• Conventional Financing with the Federal National Mortgage Association (FNMA/Fannie Mae) after a Chapter 7 is allowed after 48 months from the discharge/dismissal date. A two-year waiting period is allowed if certain ”extenuating circumstances” can be documented. The time is extended to 60 months if there is more than one BK within the last 7 yrs.
  • Conventional Financing with the Federal Home Loan Mortgage Corporation (FHLMC/Freddie Mac) will generally require a borrower to have waited 84 months unless either “extenuating circumstances” can be met ( then its 24 months) OR when ”extenuating circumstances” can’t be met and then what Freddie calls “Financial mismanagement” is assumed and then the timeframe is reduced to 48 months and a list of requirements must be met including a 680 score and a perfect rental history.
  • The US Department of Veterans Affairs will allow an eligible Veteran to qualify for a VA loan TYPICALLY two years after discharge date of a Chapter 7 BK. There are guidelines that the VA spells out for a Veteran to qualify between 1 and 2 yrs after discharge date according to Chapter 4 of the VA Lender Handbook: if both of the following are met
    • borrower and/or co-borrower have reestablished satisfactory credit, and 
    • the bankruptcy was caused by circumstances beyond your and/or your spouses control (such as unemployment, medical bills, etc.)
Another situation for a determining that an applicant is a satisfactory credit risk is in situations where the BK was caused by failure of a business of a self-employed applicant and:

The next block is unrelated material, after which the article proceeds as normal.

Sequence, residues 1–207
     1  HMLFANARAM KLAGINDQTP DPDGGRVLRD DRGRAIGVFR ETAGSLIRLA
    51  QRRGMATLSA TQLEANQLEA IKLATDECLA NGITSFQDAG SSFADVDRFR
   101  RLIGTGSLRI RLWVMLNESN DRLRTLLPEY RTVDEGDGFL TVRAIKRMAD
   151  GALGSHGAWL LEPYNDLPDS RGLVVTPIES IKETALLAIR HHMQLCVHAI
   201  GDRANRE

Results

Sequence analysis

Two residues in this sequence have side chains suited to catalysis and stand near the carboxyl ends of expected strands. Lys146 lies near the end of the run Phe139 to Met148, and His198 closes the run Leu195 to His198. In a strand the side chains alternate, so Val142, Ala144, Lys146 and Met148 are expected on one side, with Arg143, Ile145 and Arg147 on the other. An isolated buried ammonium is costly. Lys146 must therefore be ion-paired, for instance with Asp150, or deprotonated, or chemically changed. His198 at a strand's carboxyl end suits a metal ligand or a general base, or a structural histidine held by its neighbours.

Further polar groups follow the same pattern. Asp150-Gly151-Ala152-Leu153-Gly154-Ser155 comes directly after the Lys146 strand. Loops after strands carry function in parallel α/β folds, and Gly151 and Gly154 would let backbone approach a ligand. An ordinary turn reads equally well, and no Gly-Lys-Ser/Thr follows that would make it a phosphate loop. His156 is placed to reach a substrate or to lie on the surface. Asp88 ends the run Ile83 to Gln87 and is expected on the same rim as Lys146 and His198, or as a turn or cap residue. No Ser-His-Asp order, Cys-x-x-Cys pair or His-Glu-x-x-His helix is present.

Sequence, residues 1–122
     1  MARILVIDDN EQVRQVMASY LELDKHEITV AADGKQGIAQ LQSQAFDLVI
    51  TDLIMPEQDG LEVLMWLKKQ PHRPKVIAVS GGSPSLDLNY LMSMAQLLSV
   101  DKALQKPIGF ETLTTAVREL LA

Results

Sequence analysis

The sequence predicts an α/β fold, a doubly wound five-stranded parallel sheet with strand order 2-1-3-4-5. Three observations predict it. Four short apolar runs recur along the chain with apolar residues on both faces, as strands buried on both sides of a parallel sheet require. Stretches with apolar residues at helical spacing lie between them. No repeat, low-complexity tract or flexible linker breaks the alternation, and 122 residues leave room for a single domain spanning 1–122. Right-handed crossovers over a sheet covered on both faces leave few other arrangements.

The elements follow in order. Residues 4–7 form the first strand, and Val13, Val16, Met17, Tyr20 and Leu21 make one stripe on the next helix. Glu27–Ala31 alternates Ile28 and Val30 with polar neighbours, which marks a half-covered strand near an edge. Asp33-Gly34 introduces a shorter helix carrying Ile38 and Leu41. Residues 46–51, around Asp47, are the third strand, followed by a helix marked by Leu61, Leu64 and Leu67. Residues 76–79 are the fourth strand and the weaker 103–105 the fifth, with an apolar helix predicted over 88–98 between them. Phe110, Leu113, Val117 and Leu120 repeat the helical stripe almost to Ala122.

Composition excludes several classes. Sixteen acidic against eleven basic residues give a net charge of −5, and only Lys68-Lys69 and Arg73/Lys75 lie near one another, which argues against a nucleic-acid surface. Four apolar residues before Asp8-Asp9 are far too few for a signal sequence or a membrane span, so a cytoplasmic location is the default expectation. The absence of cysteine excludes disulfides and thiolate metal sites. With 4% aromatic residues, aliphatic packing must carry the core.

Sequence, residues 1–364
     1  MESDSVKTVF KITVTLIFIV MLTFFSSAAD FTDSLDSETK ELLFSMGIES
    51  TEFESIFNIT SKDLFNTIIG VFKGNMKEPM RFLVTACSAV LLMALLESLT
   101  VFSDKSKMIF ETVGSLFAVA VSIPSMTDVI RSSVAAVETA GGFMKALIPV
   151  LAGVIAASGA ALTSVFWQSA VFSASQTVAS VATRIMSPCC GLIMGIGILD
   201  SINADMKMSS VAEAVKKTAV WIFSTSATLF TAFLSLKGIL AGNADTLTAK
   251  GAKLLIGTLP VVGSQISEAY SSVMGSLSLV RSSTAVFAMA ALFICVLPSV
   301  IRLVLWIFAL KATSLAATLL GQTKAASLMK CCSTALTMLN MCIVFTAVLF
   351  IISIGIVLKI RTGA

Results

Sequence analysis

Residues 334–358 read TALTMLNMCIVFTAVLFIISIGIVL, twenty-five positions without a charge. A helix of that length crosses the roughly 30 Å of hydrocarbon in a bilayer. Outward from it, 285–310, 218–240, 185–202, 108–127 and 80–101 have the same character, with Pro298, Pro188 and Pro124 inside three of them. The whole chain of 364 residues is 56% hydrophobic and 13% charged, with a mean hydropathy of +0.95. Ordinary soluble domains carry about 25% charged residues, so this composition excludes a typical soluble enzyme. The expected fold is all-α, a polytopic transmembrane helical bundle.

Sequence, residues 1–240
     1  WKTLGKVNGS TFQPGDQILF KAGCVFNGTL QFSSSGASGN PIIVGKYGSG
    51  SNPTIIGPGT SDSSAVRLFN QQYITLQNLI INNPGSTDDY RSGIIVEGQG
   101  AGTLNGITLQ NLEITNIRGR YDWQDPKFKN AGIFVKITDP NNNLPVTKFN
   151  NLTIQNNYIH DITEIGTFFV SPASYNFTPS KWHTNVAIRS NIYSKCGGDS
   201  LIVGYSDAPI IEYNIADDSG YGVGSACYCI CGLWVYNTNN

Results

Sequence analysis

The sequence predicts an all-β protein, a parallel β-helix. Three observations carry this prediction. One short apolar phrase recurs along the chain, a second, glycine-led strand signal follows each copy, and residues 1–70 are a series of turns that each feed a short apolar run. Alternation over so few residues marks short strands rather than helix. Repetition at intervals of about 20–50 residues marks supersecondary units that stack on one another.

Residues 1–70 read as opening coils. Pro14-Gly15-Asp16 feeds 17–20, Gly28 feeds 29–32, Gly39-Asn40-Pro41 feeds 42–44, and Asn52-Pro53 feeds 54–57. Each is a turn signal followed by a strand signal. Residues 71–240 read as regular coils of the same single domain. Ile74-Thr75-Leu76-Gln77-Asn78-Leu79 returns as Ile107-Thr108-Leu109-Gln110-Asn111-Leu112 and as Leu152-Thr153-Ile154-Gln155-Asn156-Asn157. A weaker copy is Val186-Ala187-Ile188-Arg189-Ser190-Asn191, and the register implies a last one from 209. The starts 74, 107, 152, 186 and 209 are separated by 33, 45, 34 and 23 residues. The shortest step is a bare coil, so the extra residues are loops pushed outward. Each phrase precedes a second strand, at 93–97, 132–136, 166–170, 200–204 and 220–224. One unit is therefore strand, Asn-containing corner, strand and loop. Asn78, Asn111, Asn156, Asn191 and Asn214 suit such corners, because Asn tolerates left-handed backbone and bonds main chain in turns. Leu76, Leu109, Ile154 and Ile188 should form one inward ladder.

• the applicant obtained a permanent position after the business failed,
  • there is no derogatory credit information prior to self-employment,
  • there is no derogatory credit information subsequent to the bankruptcy, and
  • failure of the business was not due to the applicant’s misconduct.
For Chapter 13 BK’s the 2 situations outlined that may conclude a VA lender to extend credit are:
  • Satisfactorily making at least 12 months of payments and “permission from the court”
  • Finishing all payments satisfactorily
  • The USDA (US Department of Agriculture) has a Rural Development program that generally will require a discharge date of 36 months.

Mortgages in 2011

January is the time of year we all like to make our predictions for the coming 12 months. I’ll contribute to the process by starting with mortgages. Here is an article (Link) that tackles what to expect when arraigning a home mortgage in 2011 In my opinion it’s a pretty balanced prediction. Interest rates will slowly rise and as rates rise refinance activity will slow and purchase mortgages will form a larger part of the market and finally, the process will become more complex. I believe we are through the roller coaster period we’ve experienced over the last few years. More stability will occur as we slowly come out of recession.

It’s important to remember that rates are still near historic lows which in my opinion is the silver lining in this recession.

Top Home Buying Selling Predictions for 2011

This is an interesting article (link) which outlines some interesting ideas about what we might expect in 2011. On balance it is well researched and I believe provides a pretty accurate perspective. Since it is a national article it’s always important to temper the information based on our regional experience. That typically means the data needs to be adjusted more to the positive side since our economy has proven to be more resilient than most.

Happy New Year!

Why Some Houses Sit While Other Houses Sell

Click below to view a short video:

Tax Laws

Since tax laws seem to constantly be in a state of change, it can be hard to keep up on tax saving deadlines. Here is one (link) that those older then 70 ½ should be aware of. It is designed to provide relief for retirees whose accounts where whacked by the collapse of financial markets. The minimum withdrawal requirements was re-instated for 2010 and many are unaware of it.